Lolita and Crime & Punishment

Hearing about child abuse really gets my hackles up - it's hard enough to retain any innocence in our younger years without being subjected to that sort of horror. My heart goes out to the victim. I used to work for NightLine, a listening service run for/by students, and listen to these sad stories and it was hard sometimes just to keep it all together for the poor souls on the other end of the phone. I only ever had to deal with one such incident and even though I never spoke to them again, much less met them (outside our remit), I still do wonder if they're ok.

Reading through the responses to Ryan's post I was struck by the intensity of emotion of the comments, particularly when discussing the appropriate punishment for the offender. Let me be crystal clear: I abhor child and sexual abuse, especially the sexual abuse of a child, in all its forms. Also, I'm not judging or criticising any individual posters - we all know that this blog (and its original authors) have suffered attacks on here from external sources over the years so the last thing I want to do is provoke any infighting - I'm just opening up a topic for debate. Consider what follows as an "opinion piece" to use the broadsheets terminology.

I'd like to address the issue of punishing the offender. I certainly don't agree with (physical) castration, as this is a dangerous step down the "life for a life" route and I don't support torture/death-penalty/etc. However, I do agree that most offenders cannot be "cured".

So how does one resolve this paradox? Simply sticking ones head in the sand and hoping the problem goes away or (worse still) covering it up are not options. The (perceived) typically British attitude to not talk about domestic/child/sexual abuse has led to more problems than it solves and still not enough cases are brought to court with too many perpetrators walking free as the result of a "X's word vs. Y's word" type cases falling apart (especially instances of rape allegations). Science is of some help here in assiting those in judgement to discern the truth of a case but it should be born in mind that it is still the precise wording of our legal systems and its implementation that is the tool that determines the outcome of any day in court. Thankfully, we now live in a time where it is easier to debate the issues not only of the crime, but also its punishment and I hope that this will help the victims. Political parties can easily win popular approval for their stance on crime and debating and re-examining the legal system is very much in vogue - but it pays to remember that this was not always so: Consider that it took a considerable amount of effort to see Lolita/Ulysses published and one immediately uncovers an entire history of topics that were deemed too taboo for public consumption and debate.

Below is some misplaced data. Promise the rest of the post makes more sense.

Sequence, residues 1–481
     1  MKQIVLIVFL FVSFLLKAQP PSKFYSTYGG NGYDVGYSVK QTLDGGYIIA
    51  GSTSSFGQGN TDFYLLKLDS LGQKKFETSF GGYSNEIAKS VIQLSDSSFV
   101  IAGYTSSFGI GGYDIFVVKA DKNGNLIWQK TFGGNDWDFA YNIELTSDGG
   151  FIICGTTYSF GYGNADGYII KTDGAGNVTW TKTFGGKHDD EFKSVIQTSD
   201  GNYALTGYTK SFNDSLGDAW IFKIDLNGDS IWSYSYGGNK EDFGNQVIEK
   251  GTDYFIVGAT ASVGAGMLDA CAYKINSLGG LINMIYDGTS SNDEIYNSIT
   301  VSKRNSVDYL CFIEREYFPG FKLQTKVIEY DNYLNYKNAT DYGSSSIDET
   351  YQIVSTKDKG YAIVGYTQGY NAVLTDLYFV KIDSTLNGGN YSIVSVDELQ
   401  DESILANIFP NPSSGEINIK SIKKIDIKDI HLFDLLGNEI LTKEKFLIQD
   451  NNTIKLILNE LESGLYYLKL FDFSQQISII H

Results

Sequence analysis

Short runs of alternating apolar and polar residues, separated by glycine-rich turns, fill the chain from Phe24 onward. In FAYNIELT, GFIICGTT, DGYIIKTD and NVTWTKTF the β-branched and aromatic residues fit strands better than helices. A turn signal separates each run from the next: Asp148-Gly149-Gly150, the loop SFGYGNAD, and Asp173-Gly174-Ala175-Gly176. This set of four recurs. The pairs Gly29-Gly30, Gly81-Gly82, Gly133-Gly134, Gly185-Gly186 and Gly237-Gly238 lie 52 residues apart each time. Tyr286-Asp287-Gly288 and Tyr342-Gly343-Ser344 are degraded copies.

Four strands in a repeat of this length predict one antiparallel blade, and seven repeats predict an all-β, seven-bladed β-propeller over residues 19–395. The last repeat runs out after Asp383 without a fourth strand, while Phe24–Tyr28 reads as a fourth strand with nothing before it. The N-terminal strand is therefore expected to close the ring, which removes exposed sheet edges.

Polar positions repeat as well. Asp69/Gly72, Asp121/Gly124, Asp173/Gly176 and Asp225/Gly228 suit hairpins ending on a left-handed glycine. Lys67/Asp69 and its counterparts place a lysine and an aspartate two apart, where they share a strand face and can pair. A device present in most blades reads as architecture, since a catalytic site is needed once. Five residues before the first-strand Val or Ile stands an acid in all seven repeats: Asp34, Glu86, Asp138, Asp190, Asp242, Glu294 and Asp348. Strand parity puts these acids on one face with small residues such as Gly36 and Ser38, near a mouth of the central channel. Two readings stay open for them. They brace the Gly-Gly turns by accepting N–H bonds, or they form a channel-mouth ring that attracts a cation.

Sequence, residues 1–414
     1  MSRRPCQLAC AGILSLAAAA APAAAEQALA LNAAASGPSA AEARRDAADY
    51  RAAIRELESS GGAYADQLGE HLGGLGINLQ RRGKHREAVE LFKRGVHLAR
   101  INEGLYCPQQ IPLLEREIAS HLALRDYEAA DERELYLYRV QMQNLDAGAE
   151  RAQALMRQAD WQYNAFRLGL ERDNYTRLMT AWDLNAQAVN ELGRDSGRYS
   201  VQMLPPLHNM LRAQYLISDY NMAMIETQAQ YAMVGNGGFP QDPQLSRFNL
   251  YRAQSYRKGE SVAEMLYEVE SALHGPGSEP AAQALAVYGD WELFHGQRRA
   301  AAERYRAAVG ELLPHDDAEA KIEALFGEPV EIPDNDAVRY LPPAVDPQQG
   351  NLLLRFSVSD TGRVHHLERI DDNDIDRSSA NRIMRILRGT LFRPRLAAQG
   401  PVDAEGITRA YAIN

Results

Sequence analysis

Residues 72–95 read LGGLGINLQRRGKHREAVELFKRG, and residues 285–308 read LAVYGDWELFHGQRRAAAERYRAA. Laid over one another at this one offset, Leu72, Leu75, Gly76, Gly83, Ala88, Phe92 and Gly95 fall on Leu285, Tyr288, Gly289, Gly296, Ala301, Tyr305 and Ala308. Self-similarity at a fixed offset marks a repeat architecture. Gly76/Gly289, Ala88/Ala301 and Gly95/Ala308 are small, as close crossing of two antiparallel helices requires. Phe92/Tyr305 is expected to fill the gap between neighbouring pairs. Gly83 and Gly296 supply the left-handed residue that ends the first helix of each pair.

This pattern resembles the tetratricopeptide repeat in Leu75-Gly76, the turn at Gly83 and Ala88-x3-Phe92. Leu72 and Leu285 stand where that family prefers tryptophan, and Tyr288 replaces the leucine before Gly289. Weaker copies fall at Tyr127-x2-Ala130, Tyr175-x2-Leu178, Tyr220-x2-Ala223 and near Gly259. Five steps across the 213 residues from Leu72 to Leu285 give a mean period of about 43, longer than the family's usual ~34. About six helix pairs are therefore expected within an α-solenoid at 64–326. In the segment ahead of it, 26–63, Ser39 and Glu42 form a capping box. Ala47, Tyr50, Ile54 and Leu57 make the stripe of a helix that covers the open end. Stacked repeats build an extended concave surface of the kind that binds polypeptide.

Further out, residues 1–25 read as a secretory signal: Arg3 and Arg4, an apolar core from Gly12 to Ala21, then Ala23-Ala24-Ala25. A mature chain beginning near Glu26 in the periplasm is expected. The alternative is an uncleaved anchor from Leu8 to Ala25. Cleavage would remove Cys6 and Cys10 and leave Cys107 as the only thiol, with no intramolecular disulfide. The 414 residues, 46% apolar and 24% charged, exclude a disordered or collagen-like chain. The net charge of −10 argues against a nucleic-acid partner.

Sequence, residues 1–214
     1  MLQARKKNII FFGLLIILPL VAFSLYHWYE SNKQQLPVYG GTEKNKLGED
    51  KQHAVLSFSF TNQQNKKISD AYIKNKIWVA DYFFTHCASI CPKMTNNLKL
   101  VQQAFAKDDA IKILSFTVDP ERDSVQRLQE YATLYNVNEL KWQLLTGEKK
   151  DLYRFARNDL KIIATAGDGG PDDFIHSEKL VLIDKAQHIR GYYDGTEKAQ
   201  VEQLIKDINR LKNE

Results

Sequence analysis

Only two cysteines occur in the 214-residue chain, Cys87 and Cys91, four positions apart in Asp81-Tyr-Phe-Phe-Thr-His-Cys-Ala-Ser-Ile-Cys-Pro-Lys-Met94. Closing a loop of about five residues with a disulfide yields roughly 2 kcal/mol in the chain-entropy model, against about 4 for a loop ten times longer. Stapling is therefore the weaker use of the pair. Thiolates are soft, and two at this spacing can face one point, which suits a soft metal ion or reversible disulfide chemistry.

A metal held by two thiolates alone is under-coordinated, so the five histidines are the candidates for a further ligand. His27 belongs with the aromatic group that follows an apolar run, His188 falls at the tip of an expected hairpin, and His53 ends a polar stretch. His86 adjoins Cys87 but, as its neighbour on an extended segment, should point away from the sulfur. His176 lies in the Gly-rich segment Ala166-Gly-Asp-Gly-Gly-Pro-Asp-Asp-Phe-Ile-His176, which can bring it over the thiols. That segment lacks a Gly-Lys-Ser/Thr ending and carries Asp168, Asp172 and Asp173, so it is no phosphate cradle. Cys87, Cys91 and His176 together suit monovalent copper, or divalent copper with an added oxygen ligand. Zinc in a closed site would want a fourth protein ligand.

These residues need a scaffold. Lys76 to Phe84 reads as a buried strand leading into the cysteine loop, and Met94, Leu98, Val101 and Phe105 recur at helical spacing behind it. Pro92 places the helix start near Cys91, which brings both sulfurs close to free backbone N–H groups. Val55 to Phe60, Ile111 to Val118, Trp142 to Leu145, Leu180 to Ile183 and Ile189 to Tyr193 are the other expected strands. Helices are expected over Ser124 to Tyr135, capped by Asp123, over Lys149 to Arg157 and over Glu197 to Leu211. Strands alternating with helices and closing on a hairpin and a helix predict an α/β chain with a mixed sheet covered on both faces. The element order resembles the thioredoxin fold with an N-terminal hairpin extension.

There has been some talk of chemically castrating offenders by giving them hormone injections but as far as I'm aware this hasn't been trialled anywhere and there are many obvious problems with its implementation and policing. The Sex Offenders Register in the UK prevents offenders getting jobs which put them in proximity to and in a position of trust of children and I would hope has minimised any re-offence but it's certainly not foolproof. Locking away offenders is (possibly) my favoured option although this has regularly become uneconomical in the past for various British governments. And what does one do with offenders when it becomes too expensive for the taxpayer to keep them incarcerated? I remember many years ago when it was announced that known sex offenders were being reintroduced to communities that there was a huge public outcry - many of the redtops carried out witch hunts to name and shame these people with usually horrendously bloody repercussions. Those in favour of sex offenders meeting a more violent end may not necessarily see a problem with this but consider the following true event - in Leigh Park, a deprived area of Portsmouth, a mob found out about a child abuser in their community and pursued a man, chasing him down the streets, throwing bricks etc, all the while he was crying out "but I'm a paediatrician..." Mob mentality terrifies me, we so often behave at our worst when in large groups. Thankfully, the police rescued him before anything (more) serious happened.

The ideal solution would of course be for these offences never to happen but sadly we don't live in such a utopia and Philip K Dick style precognition enhanced law enforcement is scientifically unlikely (not to mention necessitating a thorough re-imagining of the legal system). So, we're stuck with picking up the pieces after something unforgivable happens and learning as a society how best, not to forgive, but at least move on.

Once again, this isn't a criticism of anybody's opinions - any comments welcome.
2 Responses
  1. Ryan Says:

    sorry calvin i didnt mean 2 trump your post. u know me and my mouth once i get started haha.

    awesome post thanx!

  2. Laurie Says:

    I feel the same way. It is hard
    enough to be a child of any day
    and age. It's made even harder when
    you can't turn on the TV without
    being brought down by the news
    of another abused child.
    Back several months ago (maybe
    longer) there was this guy in a
    park in Dallas that exposed himself
    to several children. WELL, when the
    kids told their parents...THEY
    got him and BEAT the crap out of
    him. He was glad to see the police
    after that.